Water – life’s most essential resource.
Author: Nina E Noreika
Water – it is life’s most essential resource. We use it as recreation, to travel, to grow crops, to quench our own thirst. As such, water conservation is a multifaceted societal issue with expanding and diverse career opportunities. A career in water conservation can wear many different masks and is highly multidisciplinary.
I began my career in water conservation while studying for my master’s in Aquatic Resources at Texas State University (TSU) in Texas, USA. My research at TSU involved population estimates and community structure evaluations of endangered aquatic invertebrates in crenic habitats. In this role I travelled to western Texas frequently to collect samples that I later processed under a dissecting microscope. In total, I counted over 150,000 snails and amphipods. These species are endangered largely due to the over-pumping of groundwater for agricultural uses and oil exploration.
Studying these tiny invertebrates prompted me to consider the larger issues at play: responsible, sustainable water and landscape management. I knew that I wanted the next step of my education to focus on water conservation, which lead me to Czech Technical University (CTU) in Prague.
Since beginning my PhD studies at CTU, I have been involved in many departmental projects and have also had the opportunity to develop my own research questions and thesis topic. I have participated in field experiments that study the effects of varied crop and soil treatments on runoff processes using an outdoor rainfall simulator as well as catchment-scale topsoil water content surveys.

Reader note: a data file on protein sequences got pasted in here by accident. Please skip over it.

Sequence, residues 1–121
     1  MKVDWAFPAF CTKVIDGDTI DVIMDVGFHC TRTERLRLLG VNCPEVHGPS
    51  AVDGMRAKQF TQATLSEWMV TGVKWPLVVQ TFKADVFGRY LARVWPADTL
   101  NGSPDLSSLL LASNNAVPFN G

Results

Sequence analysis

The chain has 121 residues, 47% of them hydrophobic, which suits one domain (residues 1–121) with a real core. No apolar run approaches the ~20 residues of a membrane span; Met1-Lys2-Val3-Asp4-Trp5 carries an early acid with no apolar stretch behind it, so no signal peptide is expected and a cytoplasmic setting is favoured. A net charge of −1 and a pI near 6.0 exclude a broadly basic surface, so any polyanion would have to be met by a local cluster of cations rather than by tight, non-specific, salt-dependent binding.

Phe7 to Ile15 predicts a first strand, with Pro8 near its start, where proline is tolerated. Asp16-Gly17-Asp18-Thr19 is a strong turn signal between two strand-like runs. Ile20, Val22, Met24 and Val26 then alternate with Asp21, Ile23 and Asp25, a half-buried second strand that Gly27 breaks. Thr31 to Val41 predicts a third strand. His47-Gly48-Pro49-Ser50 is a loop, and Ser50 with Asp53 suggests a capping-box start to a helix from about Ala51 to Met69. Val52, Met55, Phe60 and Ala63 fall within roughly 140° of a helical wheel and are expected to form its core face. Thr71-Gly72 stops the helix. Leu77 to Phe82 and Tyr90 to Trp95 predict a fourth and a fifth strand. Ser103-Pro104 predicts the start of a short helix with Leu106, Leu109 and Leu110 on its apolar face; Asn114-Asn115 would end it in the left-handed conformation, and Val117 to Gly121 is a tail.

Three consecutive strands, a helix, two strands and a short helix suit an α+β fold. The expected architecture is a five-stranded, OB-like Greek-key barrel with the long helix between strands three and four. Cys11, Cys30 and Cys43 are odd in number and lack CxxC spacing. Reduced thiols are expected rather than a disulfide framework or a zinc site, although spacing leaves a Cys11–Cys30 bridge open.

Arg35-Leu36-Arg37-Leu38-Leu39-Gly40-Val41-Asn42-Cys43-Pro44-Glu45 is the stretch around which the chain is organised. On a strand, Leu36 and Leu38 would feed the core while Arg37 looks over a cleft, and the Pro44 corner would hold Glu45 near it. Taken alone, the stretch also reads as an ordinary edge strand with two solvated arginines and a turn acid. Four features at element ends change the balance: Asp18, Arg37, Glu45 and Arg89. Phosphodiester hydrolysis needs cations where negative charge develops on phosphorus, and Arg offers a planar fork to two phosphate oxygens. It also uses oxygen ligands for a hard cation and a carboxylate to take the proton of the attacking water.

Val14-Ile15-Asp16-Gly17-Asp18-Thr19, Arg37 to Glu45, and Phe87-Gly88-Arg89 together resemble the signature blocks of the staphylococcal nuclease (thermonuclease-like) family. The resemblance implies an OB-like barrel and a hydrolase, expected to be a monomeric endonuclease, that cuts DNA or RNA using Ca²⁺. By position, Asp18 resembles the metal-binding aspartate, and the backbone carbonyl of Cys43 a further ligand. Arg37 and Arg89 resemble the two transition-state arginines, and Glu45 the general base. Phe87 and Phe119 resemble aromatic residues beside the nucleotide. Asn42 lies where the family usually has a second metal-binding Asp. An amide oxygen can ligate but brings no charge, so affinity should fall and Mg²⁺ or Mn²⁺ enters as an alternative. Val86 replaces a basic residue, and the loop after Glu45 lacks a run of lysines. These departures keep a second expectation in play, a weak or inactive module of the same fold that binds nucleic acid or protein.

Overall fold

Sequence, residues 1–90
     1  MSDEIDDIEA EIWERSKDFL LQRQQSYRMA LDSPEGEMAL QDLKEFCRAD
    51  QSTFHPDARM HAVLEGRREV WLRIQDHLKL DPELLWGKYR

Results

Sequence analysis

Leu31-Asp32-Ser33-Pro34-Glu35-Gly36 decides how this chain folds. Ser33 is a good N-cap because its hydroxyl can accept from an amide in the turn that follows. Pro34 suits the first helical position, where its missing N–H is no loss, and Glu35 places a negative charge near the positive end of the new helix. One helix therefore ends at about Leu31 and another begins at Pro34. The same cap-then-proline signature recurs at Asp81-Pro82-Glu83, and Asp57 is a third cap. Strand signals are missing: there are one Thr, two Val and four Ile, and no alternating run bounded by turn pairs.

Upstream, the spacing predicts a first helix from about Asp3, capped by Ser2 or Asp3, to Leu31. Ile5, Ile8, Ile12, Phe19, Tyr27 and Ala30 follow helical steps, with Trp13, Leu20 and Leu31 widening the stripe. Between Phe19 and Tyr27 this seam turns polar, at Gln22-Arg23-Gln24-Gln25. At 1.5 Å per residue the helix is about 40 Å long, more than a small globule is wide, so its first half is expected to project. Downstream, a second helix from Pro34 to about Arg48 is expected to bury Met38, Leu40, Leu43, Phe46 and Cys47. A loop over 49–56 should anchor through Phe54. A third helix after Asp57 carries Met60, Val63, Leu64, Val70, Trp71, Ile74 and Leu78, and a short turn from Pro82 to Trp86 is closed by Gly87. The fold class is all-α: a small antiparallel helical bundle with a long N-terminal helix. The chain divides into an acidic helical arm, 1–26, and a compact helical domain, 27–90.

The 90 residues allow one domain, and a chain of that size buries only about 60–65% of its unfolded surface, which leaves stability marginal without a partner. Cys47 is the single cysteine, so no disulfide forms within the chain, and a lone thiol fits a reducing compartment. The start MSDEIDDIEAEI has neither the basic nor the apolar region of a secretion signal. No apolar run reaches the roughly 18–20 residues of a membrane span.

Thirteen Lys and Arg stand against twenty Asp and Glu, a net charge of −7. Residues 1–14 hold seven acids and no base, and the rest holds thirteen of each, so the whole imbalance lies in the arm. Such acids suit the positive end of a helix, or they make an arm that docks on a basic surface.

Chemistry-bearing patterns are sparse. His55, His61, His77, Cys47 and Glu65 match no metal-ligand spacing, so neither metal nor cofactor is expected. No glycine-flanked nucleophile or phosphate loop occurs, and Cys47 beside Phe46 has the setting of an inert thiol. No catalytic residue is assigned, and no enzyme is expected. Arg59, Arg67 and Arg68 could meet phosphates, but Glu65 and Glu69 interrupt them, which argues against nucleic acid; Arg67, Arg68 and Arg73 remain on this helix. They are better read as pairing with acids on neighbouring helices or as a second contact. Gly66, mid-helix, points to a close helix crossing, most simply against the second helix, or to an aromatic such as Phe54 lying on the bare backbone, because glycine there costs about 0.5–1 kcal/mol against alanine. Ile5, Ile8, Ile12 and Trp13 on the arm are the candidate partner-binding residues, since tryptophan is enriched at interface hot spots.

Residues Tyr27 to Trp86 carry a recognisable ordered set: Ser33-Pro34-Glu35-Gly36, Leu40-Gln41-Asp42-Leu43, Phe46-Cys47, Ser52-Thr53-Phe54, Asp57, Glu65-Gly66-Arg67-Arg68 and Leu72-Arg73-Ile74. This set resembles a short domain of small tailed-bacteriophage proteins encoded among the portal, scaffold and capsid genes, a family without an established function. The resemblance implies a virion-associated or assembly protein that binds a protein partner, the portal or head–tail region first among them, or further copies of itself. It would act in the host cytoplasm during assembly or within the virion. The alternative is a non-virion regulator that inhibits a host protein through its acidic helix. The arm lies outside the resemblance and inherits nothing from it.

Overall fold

My thesis topic is titled “modeling hydrological impacts of management practices in rural catchments using SWAT.” SWAT, or the Soil and Water Assessment Tool, is a semi-physically based, semi-distributed, basin-scale hydrologic model. It’s primarily used to model agricultural catchments and has been applied all around the world. A goal of my PhD work is to apply the SWAT model to two catchments in the Czech Republic.
I am most interested in the application of agricultural conservation practices in the Czech landscape and how the adoption of such practices will affect the small water cycle. The Czech landscape is still recovering from agricultural intensification that occurred during the Communist era, which included increasing field sizes, widespread subsurface tile drainage systems (so that soils drain faster than they would naturally), and concrete-lined and straightened streams. In the small water cycle: water should infiltrate the soil where it falls as rain, surface runoff should be minimized, natural drainage patterns should be restored, and the water holding capacity of soils should be increased. Not only do agricultural conservation practices help to reinforce the small water cycle, but they also aim to build healthier agriculture soils and to reduce sediment and nutrient runoff into our freshwater systems. For example, contour farming reduces surface runoff by impounding water in small depressions and reduces soil loss by decreasing the erosive power of the surface runoff while crop residues increase infiltration and reduce surface runoff by decreasing surface sealing.
In the field of water conservation, there are many professional trajectories that can be followed across the biological, physical, and political sciences. I am unsure exactly what my future career may look like, but so far, my career has included: sitting at a microscope for countless hours, SCUBA diving to collect water and invertebrate samples, conducting field experiments in the Czech countryside, and developing a hydrologic model that should (in theory) simulate the real thing.
Whatever the future may hold, one thing remains constant – the way we treat the water and land around us matters. If my research can help the conservation efforts of one little snail species or help one farmer make informed management decisions, I know I will have done my part.